Women in Agriculture
when prompted by shopping cart
“In Women in Agriculture, Joan Jensen and Linda Ambrose have brought together a wealth of information about rural women food professionals. Diverse in its scope and ambitious in its reach, the book will be useful to a wide variety of scholars in fields as diverse as history, women’s studies, and family and consumer science.”—Pamela Riney-Kehrberg, Iowa State University
“Contributors to this volume investigate an understudied topic: the role of professional women in modern Western agriculture. Their essays illuminate the partnership between women agriculturalists and the home economists, broadcasters, political activists, scholars, and other professionals who worked alongside them to improve food production and the quality of rural life.”—Katherine Jellison, author, Entitled to Power: Farm Women and Technology, 1913–1963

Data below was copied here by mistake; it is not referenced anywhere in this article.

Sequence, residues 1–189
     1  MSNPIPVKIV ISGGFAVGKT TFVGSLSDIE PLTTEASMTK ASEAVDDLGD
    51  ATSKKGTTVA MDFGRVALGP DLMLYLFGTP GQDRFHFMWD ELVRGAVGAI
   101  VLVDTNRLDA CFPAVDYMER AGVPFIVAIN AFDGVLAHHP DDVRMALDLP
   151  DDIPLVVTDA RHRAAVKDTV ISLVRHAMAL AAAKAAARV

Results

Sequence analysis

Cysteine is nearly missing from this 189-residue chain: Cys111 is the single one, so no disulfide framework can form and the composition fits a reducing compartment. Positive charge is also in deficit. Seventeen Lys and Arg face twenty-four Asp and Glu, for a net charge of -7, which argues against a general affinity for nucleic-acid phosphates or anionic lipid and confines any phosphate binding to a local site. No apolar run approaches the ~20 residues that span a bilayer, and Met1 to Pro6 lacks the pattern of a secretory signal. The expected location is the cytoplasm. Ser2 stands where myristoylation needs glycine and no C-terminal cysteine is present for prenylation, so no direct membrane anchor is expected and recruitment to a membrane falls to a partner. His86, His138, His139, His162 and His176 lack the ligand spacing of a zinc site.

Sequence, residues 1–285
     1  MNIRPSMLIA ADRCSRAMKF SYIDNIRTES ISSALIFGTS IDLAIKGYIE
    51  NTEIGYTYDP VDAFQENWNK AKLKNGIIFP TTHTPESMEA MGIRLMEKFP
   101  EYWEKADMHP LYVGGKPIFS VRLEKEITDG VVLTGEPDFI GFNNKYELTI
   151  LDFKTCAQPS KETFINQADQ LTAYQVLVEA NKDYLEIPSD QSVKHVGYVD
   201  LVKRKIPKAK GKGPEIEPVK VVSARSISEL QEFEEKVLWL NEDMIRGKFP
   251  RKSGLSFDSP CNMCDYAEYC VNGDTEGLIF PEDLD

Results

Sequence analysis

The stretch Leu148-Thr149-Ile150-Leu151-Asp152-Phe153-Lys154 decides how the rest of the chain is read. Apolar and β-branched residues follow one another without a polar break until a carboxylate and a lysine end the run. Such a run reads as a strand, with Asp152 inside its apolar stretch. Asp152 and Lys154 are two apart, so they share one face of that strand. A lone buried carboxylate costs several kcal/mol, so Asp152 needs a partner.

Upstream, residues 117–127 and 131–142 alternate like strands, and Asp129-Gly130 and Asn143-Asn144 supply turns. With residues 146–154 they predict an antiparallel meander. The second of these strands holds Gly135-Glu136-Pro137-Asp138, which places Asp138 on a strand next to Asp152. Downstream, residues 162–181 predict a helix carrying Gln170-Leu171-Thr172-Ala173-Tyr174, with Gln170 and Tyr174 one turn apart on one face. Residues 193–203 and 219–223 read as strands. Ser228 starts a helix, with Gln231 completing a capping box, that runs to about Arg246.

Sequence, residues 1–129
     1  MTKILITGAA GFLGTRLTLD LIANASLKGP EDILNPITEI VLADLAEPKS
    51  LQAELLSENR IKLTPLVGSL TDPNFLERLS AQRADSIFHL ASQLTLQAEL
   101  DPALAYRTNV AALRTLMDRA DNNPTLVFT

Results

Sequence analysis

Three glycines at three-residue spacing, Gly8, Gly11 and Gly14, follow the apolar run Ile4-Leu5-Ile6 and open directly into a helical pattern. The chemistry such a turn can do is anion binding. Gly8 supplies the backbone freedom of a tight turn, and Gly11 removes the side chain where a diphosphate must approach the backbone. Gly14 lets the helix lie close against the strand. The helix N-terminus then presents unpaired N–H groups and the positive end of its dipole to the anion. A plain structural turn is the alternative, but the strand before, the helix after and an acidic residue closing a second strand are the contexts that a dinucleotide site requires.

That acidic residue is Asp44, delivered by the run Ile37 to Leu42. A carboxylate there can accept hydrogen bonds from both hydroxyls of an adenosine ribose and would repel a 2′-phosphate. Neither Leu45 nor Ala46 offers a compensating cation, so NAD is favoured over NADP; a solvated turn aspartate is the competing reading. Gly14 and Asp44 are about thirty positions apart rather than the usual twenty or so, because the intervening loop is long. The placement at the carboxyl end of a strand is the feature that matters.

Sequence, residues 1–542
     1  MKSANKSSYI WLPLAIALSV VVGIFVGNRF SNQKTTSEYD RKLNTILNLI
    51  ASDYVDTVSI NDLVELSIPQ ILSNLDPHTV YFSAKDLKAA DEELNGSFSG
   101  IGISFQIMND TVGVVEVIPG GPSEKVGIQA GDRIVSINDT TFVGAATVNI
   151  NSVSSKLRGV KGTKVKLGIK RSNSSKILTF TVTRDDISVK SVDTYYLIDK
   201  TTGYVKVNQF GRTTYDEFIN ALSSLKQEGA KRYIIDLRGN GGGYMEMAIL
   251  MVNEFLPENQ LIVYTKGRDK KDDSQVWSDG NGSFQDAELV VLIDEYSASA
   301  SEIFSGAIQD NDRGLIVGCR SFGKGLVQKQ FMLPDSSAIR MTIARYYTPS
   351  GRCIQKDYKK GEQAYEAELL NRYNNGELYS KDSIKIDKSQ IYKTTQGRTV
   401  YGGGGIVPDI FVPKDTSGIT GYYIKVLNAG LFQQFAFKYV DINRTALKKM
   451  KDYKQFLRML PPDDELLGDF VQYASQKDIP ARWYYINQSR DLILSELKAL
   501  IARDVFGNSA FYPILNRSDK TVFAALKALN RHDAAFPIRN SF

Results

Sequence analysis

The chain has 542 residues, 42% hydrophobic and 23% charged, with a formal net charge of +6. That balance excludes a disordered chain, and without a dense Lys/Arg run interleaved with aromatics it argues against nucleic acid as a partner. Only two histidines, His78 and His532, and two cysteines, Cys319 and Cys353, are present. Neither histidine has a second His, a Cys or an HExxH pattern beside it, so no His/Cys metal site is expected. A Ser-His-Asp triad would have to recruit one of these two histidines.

Women have always been skilled at feeding their families, and historians have often studied the work of rural women on farms and in their homes. However, the stories of women who worked as agricultural researchers, producers, marketers, educators, and community organizers have not been told until now. Taking readers into the rural hinterlands of the rapidly urbanizing societies of the United States, Canada, Great Britain, and the Netherlands, the essays in Women in Agriculture tell the stories of a cadre of professional women who acted to bridge the growing rift between those who grew food and those who only consumed it.
The contributors to Women in Agriculture examine how rural women’s expertise was disseminated and how it was received. Through these essays, readers meet subversively lunching ladies in Ontario and African American home demonstration agents in Arkansas. The rural sociologist Emily Hoag made a place for women at the US Department of Agriculture as well as in agricultural research. Canadian rural reformer Madge Watt, British radio broadcaster Mabel Webb, and US ethnobotanists Mary Warren English and Frances Densmore developed new ways to share and preserve rural women’s knowledge. These and the other women profiled here updated and expanded rural women’s roles in shaping their communities and the broader society. Their stories broaden and complicate the history of agriculture in North America and Western Europe.
Linda M. Ambrose, Maggie Andrews, Cherisse Branch-Jones, Joan M. Jensen, Amy McKinney, Anne Moore, Karen Sayer, Margreet van der Burg, Nicola Verdon